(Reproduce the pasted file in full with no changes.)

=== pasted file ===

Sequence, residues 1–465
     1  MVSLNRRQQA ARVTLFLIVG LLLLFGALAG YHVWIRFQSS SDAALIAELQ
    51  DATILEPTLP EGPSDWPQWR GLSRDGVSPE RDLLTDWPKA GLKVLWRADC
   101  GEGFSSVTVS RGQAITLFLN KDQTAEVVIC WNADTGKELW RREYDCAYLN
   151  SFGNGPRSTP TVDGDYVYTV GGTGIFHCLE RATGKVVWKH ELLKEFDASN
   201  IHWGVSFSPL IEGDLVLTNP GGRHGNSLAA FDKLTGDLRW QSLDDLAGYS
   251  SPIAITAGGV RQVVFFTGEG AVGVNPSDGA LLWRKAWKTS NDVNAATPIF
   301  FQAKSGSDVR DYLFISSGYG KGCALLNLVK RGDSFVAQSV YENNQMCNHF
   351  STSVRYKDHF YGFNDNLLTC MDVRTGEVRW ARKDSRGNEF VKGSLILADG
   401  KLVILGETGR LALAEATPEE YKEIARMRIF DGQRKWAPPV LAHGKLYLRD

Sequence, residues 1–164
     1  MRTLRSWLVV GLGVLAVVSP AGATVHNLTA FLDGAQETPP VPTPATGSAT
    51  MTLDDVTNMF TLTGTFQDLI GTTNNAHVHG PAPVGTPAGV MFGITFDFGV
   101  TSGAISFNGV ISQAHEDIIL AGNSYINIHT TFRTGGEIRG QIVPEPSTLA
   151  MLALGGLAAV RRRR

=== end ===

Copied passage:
Sequence, residues 1–465
     1  MVSLNRRQQA ARVTLFLIVG LLLLFGALAG YHVWIRFQSS SDAALIAELQ
    51  DATILEPTLP EGPSDWPQWR GLSRDGVSPE RDLLTDWPKA GLKVLWRADC
   101  GEGFSSVTVS RGQAITLFLN KDQTAEVVIC WNADTGKELW RREYDCAYLN
   151  SFGNGPRSTP TVDGDYVYTV GGTGIFHCLE RATGKVVWKH ELLKEFDASN
   201  IHWGVSFSPL IEGDLVLTNP GGRHGNSLAA FDKLTGDLRW QSLDDLAGYS
   251  SPIAITAGGV RQVVFFTGEG AVGVNPSDGA LLWRKAWKTS NDVNAATPIF
   301  FQAKSGSDVR DYLFISSGYG KGCALLNLVK RGDSFVAQSV YENNQMCNHF
   351  STSVRYKDHF YGFNDNLLTC MDVRTGEVRW ARKDSRGNEF VKGSLILADG
   401  KLVILGETGR LALAEATPEE YKEIARMRIF DGQRKWAPPV LAHGKLYLRD

Sequence, residues 1–164
     1  MRTLRSWLVV GLGVLAVVSP AGATVHNLTA FLDGAQETPP VPTPATGSAT
    51  MTLDDVTNMF TLTGTFQDLI GTTNNAHVHG PAPVGTPAGV MFGITFDFGV
   101  TSGAISFNGV ISQAHEDIIL AGNSYINIHT TFRTGGEIRG QIVPEPSTLA
   151  MLALGGLAAV RRRR